For our next Maker of the Month, we introduce you to another of our founding potters Brooke Thorn.
Brooke makes beautiful functional tableware design to be used every day and passed down through the generations. She recently started her own little family (welcome to the world tiny Arthur!), so you won't see her face in store as much at the moment, but rest assured she worked tirelessly in the lead up to make sure there would be plenty of her dreamy works lining the shelves.
Can you please tell us a little about yourself and your craft?
I grew up in the Barossa Valley in South Australia and studied Interior Design in Adelaide at UniSA. I’ve always loved drawing, painting and making things, so design seemed like a natural progression. My first introduction to ceramics was visiting an uncle who worked from a shared artist studio in Hobart – I was in awe of the big kiln he used and how scary it looked. That experience has always stuck in my mind.
When and how did you first get started in ceramics?
I worked for ten years as an interior designer in Melbourne, mostly on high-end residential projects, as well as hospitality and retail. As interior design wages are pretty dismal, I also worked on the weekends in a furniture store that supported Australian designers. This is where I came across the work of Gregory Bonasera and Sophie Moran and fell in love with contemporary Australian ceramics. After ten years as a designer I was getting really bored with just being on the computer all of the time and so I enrolled in a night ceramics course as a hobby and creative outlet. Over two years I learned skills and process and finally got to the point of being able to make stuff that looked somewhat close to what I actually wanted them to look like.
What has the journey been like since those early days?
Having a design background I always had a really clear vision of what I wanted to make. Initially I was just making ceramics for myself with no intention of selling it, but friends became interested in my work and it grew from there. It took me a year to develop my range and launch my brand, and then once I had interest from shops I finally decided to make a go of it full-time. This was a big leap for me but I was fortunate enough to have come across Elm Place Studios where there was a collective studio of potters with a range of experience levels. I found this a nurturing and inspiring place to be and everyone helped with advice and encouragement.
What does a typical day look like for you?
At the moment I’m on maternity leave with my two-month-old son, but before that I was at the studio about six days a week. I liked to start early as the studio is usually quiet then and I can get a few solid hours in before other people roll on in. I love being in a shared studio – I find being around other people to be a good motivation for me and I would get incredibly lonely if I worked solo. But I also like to have a few quiet hours here and there to find my focus. When I’m not at the studio I love pottering around at home – I’ve always got a craft project or two on the go and a big ‘to-do’ list of home improvements. My favorite place in Melbourne for relaxation and inspiration is Heide Gallery. It has the most amazing energy there and I always feel invigorated after a visit.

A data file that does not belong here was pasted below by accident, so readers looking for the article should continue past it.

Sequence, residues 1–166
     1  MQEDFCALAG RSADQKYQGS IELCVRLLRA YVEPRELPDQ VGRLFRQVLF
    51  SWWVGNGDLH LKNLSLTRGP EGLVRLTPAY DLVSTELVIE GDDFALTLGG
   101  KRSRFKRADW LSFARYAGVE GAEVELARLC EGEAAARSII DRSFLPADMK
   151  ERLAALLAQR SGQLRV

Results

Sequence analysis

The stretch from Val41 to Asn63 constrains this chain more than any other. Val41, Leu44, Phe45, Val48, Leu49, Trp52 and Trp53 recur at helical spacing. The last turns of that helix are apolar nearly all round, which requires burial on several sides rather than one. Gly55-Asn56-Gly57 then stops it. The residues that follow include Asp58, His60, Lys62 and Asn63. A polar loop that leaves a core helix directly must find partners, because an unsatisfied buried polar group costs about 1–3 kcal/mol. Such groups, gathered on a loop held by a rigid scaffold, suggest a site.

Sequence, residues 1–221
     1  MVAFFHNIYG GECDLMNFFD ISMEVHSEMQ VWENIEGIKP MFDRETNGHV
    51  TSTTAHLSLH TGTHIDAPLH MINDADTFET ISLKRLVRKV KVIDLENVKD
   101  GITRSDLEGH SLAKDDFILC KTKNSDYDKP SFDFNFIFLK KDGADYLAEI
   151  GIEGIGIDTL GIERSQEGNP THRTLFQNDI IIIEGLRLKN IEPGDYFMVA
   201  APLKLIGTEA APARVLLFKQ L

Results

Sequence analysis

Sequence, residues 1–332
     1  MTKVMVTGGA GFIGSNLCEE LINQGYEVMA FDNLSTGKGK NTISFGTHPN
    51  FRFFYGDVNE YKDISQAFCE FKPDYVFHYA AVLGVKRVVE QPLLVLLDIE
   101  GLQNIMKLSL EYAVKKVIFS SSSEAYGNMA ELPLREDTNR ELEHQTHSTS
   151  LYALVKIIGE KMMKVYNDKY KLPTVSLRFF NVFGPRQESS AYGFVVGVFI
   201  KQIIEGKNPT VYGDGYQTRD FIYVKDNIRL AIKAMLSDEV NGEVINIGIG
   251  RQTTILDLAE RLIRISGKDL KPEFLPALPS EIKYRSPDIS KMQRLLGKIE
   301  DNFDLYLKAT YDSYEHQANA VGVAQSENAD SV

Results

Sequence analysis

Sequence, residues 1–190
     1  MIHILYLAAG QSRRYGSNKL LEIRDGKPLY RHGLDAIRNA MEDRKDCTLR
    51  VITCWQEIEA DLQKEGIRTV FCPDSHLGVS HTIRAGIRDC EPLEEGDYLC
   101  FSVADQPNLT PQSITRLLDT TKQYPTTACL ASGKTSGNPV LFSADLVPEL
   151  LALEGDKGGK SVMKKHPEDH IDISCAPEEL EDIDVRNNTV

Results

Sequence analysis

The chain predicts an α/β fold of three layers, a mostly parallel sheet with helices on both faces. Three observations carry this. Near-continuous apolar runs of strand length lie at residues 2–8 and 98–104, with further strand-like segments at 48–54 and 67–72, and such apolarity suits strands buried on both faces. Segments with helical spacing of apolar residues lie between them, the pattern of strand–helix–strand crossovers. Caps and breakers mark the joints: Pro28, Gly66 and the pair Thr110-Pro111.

Can you give us some insight into your creative process?
I start the process by sketching my ideas using pencils and watercolours. Then I go into the prototyping phase where I test out the forms in three dimensions by wheel-throwing them or hand building. This is to iron-out any technical issues – especially important if the shape is to be made into a mould. The prototyping process takes time, but it is worth it to get a strongly resolved product in the end.
I use wheel-throwing techniques to make my larger pieces and plaster mould-making for my smaller pieces. They are two very different ways of making ceramics and I enjoy the diversity. I’m largely self-taught with mould making – YouTube is a wonderful thing! The process of creating and casting moulds really keeps me on my toes as it is such a technical way of making ceramics. As a contrast to that, wheel-throwing is like learning an instrument and you have to build up the skill and co-ordination over time. You have to be relaxed and in a little bit of a zen-state for everything to work out on the wheel – the more impatient and stressed you are the worse the results!
Do you have design philosophies that guide your practice?
I aim for my pieces to go beyond a trend. The shapes are designed to be aesthetically strong and functional. I like the idea of them being used and loved and handed down in the family to the next generation – I think of them as future heirlooms and people can add more pieces to their own collections over time.
Where do you draw inspiration from?
I’m mostly inspired by the visual arts. Sculpture, graphic design and illustration really float my boat, as well as the modernist design movement generally. The Biennale of Sydney always blows my mind when I visit and I got a little giddy when I visited LACMA last year in Los Angeles. If I had my time again I would love to have studied fine arts. My favorites at the moment are the sculptural work of Emily Floyd and the illustrations of Nigel Peake. As predictable as it is, I am also in awe whenever I see work from Del Katherine Barton.
Can you name another maker that you admire, whose craft might be different to your own, but you find their work or methods inspiring?
I have always admired the work and working methods of jeweller and sculptor Kim Russell. She used to work from a studio space at Elm Place and her intuitive and highly creative way of working was always an inspiration to me. It is almost the complete opposite of my creative process, but I always aim to put a little bit of her free spirit energy into how I work, even if it is just a small sprinkle.